Warren Buffett famously said, 'Volatility is far from synonymous with risk.' When we think about how risky a company is, we always like to look at its use of debt, since debt overload can lead to ruin. We can see that Care Twentyone Corporation (TYO:2373) does use debt in its business. But is this debt a concern to shareholders?
What Risk Does Debt Bring?
Debt assists a business until the business has trouble paying it off, either with new capital or with free cash flow. Part and parcel of capitalism is the process of 'creative destruction' where failed businesses are mercilessly liquidated by their bankers. However, a more usual (but still expensive) situation is where a company must dilute shareholders at a cheap share price simply to get debt under control. Of course, the upside of debt is that it often represents cheap capital, especially when it replaces dilution in a company with the ability to reinvest at high rates of return. When we examine debt levels, we first consider both cash and debt levels, together.
How Much Debt Does Care Twentyone Carry?
The image below, which you can click on for greater detail, shows that at January 2021 Care Twentyone had debt of JP¥5.75b, up from JP¥4.80b in one year. However, it does have JP¥3.31b in cash offsetting this, leading to net debt of about JP¥2.44b.
How Strong Is Care Twentyone's Balance Sheet?
Zooming in on the latest balance sheet data, we can see that Care Twentyone had liabilities of JP¥8.52b due within 12 months and liabilities of JP¥23.4b due beyond that. Offsetting these obligations, it had cash of JP¥3.31b as well as receivables valued at JP¥4.72b due within 12 months. So it has liabilities totalling JP¥23.9b more than its cash and near-term receivables, combined.
The deficiency here weighs heavily on the JP¥13.1b company itself, as if a child were struggling under the weight of an enormous back-pack full of books, his sports gear, and a trumpet. So we definitely think shareholders need to watch this one closely. At the end of the day, Care Twentyone would probably need a major re-capitalization if its creditors were to demand repayment.
We measure a company's debt load relative to its earnings power by looking at its net debt divided by its earnings before interest, tax, depreciation, and amortization (EBITDA) and by calculating how easily its earnings before interest and tax (EBIT) cover its interest expense (interest cover). Thus we consider debt relative to earnings both with and without depreciation and amortization expenses.
Given net debt is only 0.88 times EBITDA, it is initially surprising to see that Care Twentyone's EBIT has low interest coverage of 2.0 times. So one way or the other, it's clear the debt levels are not trivial. We saw Care Twentyone grow its EBIT by 6.0% in the last twelve months. Whilst that hardly knocks our socks off it is a positive when it comes to debt. The balance sheet is clearly the area to focus on when you are analysing debt. But you can't view debt in total isolation; since Care Twentyone will need earnings to service that debt. So when considering debt, it's definitely worth looking at the earnings trend. Click here for an interactive snapshot.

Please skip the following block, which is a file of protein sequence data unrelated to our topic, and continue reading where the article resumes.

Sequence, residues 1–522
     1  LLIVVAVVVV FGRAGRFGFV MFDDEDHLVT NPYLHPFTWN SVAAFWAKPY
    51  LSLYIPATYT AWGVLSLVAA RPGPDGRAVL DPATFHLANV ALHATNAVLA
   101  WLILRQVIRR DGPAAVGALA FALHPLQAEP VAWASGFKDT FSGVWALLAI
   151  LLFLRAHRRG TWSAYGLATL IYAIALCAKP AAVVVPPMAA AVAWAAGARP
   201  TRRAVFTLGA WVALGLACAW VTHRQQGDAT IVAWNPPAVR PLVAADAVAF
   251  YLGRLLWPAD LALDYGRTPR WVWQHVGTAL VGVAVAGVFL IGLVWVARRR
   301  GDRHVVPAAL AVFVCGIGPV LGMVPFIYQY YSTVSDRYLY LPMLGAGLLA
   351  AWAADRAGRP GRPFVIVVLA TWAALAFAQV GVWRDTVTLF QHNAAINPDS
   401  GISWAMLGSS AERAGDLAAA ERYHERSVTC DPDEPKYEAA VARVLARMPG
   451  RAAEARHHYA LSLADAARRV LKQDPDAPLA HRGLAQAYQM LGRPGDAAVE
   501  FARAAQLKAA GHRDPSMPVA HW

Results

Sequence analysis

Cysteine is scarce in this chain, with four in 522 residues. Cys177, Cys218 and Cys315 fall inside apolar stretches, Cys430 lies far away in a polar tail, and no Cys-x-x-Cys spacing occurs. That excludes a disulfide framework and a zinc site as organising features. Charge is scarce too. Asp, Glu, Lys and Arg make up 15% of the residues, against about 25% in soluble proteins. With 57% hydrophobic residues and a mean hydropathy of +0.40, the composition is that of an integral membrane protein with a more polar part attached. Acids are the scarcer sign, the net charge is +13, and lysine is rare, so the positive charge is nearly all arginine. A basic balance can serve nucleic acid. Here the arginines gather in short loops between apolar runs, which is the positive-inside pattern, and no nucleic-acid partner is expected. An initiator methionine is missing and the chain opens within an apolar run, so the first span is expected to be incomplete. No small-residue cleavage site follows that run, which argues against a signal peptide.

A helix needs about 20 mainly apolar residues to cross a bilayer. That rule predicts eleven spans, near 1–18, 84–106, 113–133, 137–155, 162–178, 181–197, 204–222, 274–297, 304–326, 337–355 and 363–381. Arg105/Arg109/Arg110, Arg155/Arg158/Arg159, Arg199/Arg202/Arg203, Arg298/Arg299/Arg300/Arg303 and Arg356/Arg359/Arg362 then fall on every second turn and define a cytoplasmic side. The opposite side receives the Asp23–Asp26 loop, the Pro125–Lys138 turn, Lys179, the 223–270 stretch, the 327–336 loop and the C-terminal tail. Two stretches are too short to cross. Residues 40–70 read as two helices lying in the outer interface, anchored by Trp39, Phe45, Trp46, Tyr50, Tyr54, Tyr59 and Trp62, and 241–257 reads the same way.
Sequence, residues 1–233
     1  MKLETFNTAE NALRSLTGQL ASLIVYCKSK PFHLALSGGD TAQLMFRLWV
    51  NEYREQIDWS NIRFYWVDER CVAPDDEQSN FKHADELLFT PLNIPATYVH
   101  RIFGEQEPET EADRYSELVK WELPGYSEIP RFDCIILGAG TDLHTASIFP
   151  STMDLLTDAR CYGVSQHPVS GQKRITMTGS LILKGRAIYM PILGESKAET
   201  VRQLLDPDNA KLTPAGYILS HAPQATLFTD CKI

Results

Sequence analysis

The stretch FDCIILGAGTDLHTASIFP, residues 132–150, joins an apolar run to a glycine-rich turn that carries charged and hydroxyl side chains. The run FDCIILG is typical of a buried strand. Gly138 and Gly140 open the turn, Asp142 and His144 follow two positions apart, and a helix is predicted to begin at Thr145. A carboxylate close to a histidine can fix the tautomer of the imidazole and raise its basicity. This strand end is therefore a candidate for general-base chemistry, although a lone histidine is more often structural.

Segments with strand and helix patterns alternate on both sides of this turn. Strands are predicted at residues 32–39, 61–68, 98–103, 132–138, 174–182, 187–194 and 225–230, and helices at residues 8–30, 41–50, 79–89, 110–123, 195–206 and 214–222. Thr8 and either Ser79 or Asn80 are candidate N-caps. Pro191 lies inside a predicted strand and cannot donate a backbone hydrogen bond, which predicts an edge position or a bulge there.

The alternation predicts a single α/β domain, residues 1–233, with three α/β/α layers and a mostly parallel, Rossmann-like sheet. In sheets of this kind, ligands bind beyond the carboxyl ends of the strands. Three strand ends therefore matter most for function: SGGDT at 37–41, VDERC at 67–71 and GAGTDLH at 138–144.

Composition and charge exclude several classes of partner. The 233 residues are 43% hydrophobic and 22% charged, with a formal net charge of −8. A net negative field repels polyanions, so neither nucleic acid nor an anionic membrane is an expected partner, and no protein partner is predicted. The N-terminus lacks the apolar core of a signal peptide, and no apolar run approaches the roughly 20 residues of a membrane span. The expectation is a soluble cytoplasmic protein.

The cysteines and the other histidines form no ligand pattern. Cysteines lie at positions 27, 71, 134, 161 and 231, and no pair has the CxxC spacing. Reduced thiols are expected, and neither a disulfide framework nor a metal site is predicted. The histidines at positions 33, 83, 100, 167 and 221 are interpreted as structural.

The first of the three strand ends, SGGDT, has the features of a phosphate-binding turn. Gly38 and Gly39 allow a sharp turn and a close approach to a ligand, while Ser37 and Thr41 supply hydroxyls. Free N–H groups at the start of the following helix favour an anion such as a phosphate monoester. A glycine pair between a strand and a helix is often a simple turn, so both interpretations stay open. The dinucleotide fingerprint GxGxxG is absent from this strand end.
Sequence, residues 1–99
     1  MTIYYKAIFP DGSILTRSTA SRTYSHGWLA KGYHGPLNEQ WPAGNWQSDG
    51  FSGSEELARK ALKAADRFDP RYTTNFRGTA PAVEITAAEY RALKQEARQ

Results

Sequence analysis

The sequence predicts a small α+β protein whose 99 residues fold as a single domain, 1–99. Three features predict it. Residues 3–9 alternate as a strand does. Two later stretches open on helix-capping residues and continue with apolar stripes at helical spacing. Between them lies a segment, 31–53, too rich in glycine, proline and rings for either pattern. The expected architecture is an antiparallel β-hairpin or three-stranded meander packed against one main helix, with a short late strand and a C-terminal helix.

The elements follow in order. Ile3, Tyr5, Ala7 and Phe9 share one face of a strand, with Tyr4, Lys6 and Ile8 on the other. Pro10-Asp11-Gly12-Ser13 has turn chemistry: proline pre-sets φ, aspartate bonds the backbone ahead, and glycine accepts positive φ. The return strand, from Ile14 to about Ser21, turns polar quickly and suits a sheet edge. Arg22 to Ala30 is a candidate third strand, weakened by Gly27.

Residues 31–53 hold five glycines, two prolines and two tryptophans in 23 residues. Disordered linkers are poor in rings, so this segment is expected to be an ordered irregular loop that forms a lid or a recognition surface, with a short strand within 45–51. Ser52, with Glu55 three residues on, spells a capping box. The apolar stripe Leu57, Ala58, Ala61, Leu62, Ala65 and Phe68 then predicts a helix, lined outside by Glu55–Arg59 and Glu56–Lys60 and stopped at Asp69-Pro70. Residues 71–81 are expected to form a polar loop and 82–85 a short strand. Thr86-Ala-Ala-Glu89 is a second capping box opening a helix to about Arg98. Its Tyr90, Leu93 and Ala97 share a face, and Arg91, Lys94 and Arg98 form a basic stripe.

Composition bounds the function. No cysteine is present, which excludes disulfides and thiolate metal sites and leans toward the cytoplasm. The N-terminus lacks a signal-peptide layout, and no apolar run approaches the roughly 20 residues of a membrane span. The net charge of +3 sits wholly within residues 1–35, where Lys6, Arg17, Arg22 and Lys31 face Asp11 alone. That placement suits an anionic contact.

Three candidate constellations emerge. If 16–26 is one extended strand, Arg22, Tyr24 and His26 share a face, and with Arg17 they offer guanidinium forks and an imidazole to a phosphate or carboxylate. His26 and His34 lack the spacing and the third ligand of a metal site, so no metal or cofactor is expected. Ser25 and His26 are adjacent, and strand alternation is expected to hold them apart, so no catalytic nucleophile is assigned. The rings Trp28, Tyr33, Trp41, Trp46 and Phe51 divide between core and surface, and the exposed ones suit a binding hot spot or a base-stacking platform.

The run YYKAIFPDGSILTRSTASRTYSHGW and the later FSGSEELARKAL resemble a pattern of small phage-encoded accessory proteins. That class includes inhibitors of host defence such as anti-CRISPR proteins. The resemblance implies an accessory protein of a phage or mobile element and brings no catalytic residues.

But our final consideration is also important, because a company cannot pay debt with paper profits; it needs cold hard cash. So we clearly need to look at whether that EBIT is leading to corresponding free cash flow. Happily for any shareholders, Care Twentyone actually produced more free cash flow than EBIT over the last three years. That sort of strong cash conversion gets us as excited as the crowd when the beat drops at a Daft Punk concert.
Neither Care Twentyone's ability to handle its total liabilities nor its interest cover gave us confidence in its ability to take on more debt. But its conversion of EBIT to free cash flow tells a very different story, and suggests some resilience. It's also worth noting that Care Twentyone is in the Healthcare industry, which is often considered to be quite defensive. When we consider all the factors discussed, it seems to us that Care Twentyone is taking some risks with its use of debt. While that debt can boost returns, we think the company has enough leverage now. The balance sheet is clearly the area to focus on when you are analysing debt. But ultimately, every company can contain risks that exist outside of the balance sheet. Be aware that Care Twentyone is showing 2 warning signs in our investment analysis , and 1 of those is concerning...
At the end of the day, it's often better to focus on companies that are free from net debt. You can access our special list of such companies (all with a track record of profit growth). It's free.
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